// If you are allowing external references, it is recommended to
	// also tell the server which references actually will be local
	return retVal;

Logical References

In some cases, you may have references which are Logical References, which means that they act as an identifier and not necessarily as a literal web address.

A common use for logical references is in references to conformance resources, such as ValueSets, StructureDefinitions, etc. For example, you might refer to the ValueSet from your own resources. In this case, you are not neccesarily telling the server that this is a real address that it should resolve, but rather that this is an identifier for a ValueSet where ValueSet.url has the given URI/URL.

HAPI can be configured to treat certain URI/URL patterns as logical by using the DaoConfig#setTreatReferencesAsLogical property (see JavaDoc). For example:

					// Treat specific URL as logical
					// Treat all references with given prefix as logical

Search Result Caching

By default, search results will be cached for one minute. This means that if a client performs a search for Patient?name=smith and gets back 500 results, if a client performs the same search within 60000 milliseconds the previously loaded search results will be returned again. This also means that any new Patient resources named "Smith" within the last minute will not be reflected in the results.

Under many normal scenarios this is a n acceptable performance tradeoff, but in some cases it is not. If you want to disable caching, you have two options:

Globally Disable / Change Caching Timeout

You can change the global cache using the following setting:


Disable Cache at the Request Level

Clients can selectively disable caching for an individual request using the Cache-Control header:

					Cache-Control: no-cache

Disable Paging at the Request Level

If the client knows that they will only want a small number of results (for example, a UI containing 20 results is being shown and the client knows that they will never load the next page of results) the client may also use the nostore directive along with a HAPI FHIR extension called max-results in order to specify that only the given number of results should be fetched. This directive disabled paging entirely for the request and causes the request to return immediately when the given number of results is found. This can cause a noticeable performance improvement in some cases.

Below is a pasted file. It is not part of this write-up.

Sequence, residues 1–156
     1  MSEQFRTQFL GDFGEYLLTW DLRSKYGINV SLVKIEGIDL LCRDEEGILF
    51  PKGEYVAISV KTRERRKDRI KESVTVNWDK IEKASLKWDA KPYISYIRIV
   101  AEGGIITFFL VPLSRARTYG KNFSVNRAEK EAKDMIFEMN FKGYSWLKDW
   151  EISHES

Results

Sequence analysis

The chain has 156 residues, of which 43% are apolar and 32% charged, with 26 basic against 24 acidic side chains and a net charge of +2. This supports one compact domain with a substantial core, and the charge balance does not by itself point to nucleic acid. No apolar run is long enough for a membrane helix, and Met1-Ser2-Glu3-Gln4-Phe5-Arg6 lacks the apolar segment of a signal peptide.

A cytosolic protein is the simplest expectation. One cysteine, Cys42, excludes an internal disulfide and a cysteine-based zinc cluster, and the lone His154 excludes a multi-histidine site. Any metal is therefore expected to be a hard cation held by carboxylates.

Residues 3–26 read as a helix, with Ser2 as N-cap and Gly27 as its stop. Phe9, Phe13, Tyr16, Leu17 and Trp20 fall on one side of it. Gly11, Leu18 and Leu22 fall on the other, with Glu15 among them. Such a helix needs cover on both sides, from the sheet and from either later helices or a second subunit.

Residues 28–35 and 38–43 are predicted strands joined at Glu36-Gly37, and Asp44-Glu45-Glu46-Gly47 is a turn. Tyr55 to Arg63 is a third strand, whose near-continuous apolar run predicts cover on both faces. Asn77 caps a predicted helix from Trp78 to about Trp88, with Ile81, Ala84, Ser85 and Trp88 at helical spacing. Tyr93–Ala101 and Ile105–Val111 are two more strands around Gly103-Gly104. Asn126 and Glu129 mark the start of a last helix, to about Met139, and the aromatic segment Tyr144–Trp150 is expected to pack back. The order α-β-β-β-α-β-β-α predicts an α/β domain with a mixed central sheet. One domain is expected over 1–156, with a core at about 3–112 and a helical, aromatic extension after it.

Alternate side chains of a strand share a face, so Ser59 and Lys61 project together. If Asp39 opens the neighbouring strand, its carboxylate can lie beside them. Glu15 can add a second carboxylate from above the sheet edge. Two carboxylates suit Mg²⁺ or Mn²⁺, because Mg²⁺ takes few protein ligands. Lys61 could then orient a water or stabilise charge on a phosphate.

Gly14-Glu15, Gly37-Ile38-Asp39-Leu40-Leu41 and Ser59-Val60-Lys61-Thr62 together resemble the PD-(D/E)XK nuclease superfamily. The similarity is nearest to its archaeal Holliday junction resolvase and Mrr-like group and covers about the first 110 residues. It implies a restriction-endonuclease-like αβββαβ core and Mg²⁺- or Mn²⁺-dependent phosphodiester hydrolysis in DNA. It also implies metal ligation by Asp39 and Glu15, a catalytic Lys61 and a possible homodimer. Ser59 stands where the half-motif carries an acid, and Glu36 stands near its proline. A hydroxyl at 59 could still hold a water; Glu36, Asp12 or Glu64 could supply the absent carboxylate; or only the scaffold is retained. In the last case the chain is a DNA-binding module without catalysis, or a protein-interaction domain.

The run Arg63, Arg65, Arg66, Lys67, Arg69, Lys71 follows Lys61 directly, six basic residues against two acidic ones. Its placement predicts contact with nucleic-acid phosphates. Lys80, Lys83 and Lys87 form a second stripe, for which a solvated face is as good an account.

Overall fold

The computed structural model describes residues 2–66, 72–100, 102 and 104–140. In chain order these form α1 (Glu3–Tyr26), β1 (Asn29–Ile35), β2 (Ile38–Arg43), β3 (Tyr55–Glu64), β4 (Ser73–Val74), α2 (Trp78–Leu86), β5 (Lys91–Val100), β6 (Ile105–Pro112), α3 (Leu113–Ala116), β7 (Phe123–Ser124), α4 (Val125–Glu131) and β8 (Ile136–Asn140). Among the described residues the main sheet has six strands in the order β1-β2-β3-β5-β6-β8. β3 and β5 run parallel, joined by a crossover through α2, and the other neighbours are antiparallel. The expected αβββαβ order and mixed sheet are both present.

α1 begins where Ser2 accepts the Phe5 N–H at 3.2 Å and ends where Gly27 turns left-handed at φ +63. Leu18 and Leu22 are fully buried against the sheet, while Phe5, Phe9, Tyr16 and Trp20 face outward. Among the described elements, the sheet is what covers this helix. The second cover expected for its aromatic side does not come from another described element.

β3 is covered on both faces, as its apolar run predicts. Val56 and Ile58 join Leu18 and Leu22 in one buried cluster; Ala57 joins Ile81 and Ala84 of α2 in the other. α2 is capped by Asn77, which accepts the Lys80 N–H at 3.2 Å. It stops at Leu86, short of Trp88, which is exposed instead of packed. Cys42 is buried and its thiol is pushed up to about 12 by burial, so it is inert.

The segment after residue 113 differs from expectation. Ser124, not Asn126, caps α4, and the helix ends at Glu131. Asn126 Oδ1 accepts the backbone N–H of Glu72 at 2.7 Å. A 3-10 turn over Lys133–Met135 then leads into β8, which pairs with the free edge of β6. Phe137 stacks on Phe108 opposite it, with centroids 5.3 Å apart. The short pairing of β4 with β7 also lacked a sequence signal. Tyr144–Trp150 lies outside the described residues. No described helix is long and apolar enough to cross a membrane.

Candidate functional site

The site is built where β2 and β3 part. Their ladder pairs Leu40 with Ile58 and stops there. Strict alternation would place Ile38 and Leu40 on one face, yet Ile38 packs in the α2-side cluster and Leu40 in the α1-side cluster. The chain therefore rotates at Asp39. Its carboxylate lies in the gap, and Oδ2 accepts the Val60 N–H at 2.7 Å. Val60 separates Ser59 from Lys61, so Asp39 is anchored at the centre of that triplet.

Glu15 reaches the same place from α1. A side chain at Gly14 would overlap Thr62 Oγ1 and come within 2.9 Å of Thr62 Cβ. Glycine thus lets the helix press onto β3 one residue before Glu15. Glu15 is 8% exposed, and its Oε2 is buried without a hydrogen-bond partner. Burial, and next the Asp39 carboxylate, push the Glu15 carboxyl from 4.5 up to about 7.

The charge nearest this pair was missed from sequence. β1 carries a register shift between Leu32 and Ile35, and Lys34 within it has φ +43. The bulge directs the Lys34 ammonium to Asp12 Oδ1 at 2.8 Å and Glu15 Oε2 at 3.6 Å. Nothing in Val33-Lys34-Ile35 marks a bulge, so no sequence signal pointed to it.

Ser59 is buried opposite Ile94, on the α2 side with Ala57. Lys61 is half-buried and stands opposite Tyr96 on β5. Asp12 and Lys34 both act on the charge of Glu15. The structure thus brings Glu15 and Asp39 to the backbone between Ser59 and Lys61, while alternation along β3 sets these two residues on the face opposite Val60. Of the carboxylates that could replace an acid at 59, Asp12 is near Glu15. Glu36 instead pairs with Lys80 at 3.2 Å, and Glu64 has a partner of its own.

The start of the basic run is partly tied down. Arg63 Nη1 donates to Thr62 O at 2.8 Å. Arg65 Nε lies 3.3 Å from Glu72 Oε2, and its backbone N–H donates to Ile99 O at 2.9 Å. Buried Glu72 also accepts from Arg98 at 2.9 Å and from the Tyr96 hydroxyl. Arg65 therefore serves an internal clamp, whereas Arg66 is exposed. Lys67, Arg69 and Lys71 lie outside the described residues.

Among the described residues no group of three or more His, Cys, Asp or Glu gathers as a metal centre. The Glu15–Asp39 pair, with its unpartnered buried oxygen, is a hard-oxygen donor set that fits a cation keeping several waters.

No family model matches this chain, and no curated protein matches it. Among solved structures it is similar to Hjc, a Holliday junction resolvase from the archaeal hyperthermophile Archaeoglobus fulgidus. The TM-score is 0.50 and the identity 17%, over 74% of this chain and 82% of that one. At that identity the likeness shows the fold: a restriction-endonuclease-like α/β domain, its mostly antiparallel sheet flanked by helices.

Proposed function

Cache-Control: nostore, max-results=20



The HAPI JPA Server has the following components:

  • Resource Providers: A RESTful server Resource Provider is provided for each resource type in a given release of FHIR. Each resource provider implements a @Search method implementing the complete set of search parameters defined in the FHIR specification for the given resource type.

    The resource providers also extend a superclass which implements all of the other FHIR methods, such as Read, Create, Delete, etc.

    Note that these resource providers are generated as a part of the HAPI build process, so they are not checked into Git. You can see their source in the JXR Report, for example the PatientResourceProvider.

    The resource providers do not actually implement any of the logic in searching, updating, etc. They simply receive the incoming HTTP calls (via the RestfulServer) and pass along the incoming requests to the DAOs.

  • HAPI DAOs: The DAOs actually implement all of the database business logic relating to the storage, indexing, and retrieval of FHIR resources, using the underlying JPA API.

  • Hibernate: The HAPI JPA Server uses the JPA library, implemented by Hibernate. No Hibernate specific features are used, so the library should also work with other providers (e.g. Eclipselink) but it is not tested regularly with them.

  • Database: The RESTful server uses an embedded Derby database, but can be configured to talk to any database supported by Hibernate.

Additional Information

  • This page has information on loading national editions (UK specifically) of SNOMED CT files into the database.